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Letheringham Parish

British Isles Genealogy | County of Suffolk
 

Letheringham
Ledringaham, Crew or Trew

This lordship, it appears, was included amongst the 220 manors' granted, with the honor of Eye, to Robert Malet, a Norman Baron, by William the Conqueror. The family of Glanville were very soon after enfeoffed in the same, under the Lord Malet; and the Boviles held under the Glanvilles, in the time of King Henry II., with whom they afterwards became allied by marriage.

They descended from Sir Philip de Bovile, who gave lands, in the reign of King Henry I., to the Priory of Wykes, in Essex, and Paul de Bovile, who lived in the following reign. In the year 1195, William de Glanville gave 100 marks to have the custody of the heir of William de Bovile, until of age, with Ins lands, &c. This heir was, most likely, the William de Bovile who married Isabel, daughter and heiress of the sister and co-heiress of Jeffrey de Glanville, of Bacton, in Norfolk; for in the 3rd of Edward II., William, son and heir of William de Bovile, and Isabel his wife, was impleaded for the manor of Alderton, and the church of Dallinghoo, in this county, by William de Huntingfield, who descended from Emma, the other sister and co-heir, wife to John de Grey; being part of the possessions of the said Jeffrey de Glanville.

In the 56th of King Henry III., a fine was levied between John be Bovile, querent, and William de Bovile, deforcient, of the lordship of this parish, with those of Alderton, Greeting, Dallinghoo, and Thorp, in this county; whereby they became conveyed to William, for life; remainder to John, and his heirs; remainder to the right heirs of William; which John was brother of William. In the 5th of Edward I., John de Bovile held these lordships of the honor of Eye.

In the 7th of King Edward II., William de Bovile (probably son of the above John de Bovile) was lord; and in the 11th of the same reign, a settlement was made, whereby the said William, and Joan his wife, were to be seized in a moiety of their estate for life, remainder to Simon Fitz Richard, and Nicholaa his wife, one of the daughters of the said William de Bovile.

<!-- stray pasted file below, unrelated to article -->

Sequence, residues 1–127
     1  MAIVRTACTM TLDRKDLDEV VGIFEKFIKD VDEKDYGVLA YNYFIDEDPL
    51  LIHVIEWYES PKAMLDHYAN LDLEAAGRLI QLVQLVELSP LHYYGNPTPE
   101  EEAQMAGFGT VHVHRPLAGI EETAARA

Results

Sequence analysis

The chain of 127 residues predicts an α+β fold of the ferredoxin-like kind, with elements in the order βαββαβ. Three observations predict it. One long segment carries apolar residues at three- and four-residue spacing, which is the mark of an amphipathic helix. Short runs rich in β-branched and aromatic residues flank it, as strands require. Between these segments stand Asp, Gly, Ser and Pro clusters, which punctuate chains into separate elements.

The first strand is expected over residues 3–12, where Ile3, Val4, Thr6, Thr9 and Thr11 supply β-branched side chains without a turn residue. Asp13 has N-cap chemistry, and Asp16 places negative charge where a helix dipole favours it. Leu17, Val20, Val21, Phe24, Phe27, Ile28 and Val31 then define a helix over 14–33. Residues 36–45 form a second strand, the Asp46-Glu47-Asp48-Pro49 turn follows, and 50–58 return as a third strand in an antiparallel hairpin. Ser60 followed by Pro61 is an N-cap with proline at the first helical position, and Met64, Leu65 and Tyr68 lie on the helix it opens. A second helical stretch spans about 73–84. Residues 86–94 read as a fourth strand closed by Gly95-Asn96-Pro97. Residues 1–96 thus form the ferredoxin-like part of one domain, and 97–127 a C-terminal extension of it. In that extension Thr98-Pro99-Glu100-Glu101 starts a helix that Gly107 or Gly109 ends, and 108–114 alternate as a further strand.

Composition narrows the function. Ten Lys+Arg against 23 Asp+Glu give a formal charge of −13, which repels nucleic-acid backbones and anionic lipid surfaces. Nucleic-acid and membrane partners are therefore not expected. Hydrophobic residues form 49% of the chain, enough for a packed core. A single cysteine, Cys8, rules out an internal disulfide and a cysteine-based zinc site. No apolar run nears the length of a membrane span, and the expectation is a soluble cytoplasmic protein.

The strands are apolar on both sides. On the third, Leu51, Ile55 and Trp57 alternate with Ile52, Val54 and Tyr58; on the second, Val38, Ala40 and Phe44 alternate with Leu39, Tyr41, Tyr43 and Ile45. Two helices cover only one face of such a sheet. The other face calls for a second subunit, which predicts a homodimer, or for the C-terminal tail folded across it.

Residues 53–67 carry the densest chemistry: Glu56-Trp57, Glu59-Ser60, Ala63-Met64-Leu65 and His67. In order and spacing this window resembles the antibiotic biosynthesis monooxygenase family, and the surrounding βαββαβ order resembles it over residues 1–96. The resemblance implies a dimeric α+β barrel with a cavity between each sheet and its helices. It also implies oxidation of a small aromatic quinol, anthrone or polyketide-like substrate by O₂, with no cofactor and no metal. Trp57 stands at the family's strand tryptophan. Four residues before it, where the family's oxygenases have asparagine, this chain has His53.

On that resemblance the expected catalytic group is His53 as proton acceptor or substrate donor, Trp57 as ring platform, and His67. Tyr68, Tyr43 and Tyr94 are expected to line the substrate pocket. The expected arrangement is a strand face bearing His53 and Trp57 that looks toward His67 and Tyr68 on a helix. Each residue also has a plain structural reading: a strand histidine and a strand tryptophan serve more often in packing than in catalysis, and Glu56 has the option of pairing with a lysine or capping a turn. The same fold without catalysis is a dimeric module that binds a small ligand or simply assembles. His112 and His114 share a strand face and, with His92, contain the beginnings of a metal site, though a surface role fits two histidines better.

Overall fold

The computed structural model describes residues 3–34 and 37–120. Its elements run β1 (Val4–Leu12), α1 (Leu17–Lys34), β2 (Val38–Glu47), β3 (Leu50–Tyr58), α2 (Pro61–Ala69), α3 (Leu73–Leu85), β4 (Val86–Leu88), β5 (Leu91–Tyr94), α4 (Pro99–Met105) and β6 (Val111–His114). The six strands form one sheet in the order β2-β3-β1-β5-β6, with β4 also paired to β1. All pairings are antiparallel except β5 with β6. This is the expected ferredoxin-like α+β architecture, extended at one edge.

In the 21st of the following reign, Richard Fitz Simon, son of the above Simon Fitz Richard, and Nicholaa his wife, granted the lordship and advowson of Letheringham, with the advowson of the Priory there, to Sir John de Ufford, in trust, for the use of Margery. sole daughter and heiress of Sir John, son of Sir William Bovile, and Joan his wife.

This Margery married first, to Sir John Carbonel, Knt., and secondly, to Thomas, second son of Sir John Wingfield, Knt., of Wingfield Castle, and Elizabeth his wife, the daughter and heir of John Honeypot, of Wingfield, Esq.; by which marriage the said Thomas Wingfield, in her right, became seized of the lordship of this parish, about the 36th of the same King, where his descendants of the elder branch continued until the time of King William III.

This knightly family derived their name from Wingfield Castle, in this county, of which they were lords, and became early divided into various branches, furnishing the nation with men "wise in council and brave in war. "In the reign of King Henry VIII., there were, it is said, eight or nine Knights, all brothers, and two Knights of the Garter, of this house.

Richard, youngest son of Sir John Wingfield, K.B., of this parish, was a great favorite with that Monarch, and had the chief command, under the Earl of Surry, of the forces sent into France, in the 14th of his reign: for his services performed in that kingdom he was made a Knight of the most noble order of the Garter.

He was also Chancellor of the Dutchy of Lancaster, Lord Deputy of Calais, and one of the Privy Council to King Henry VIII.; was Ambassador to the Emperor Maximilian, and was afterwards sent out in the same capacity to France, and again in the like office of honor into Spain; where he died, in 1525, and was buried at Toledo.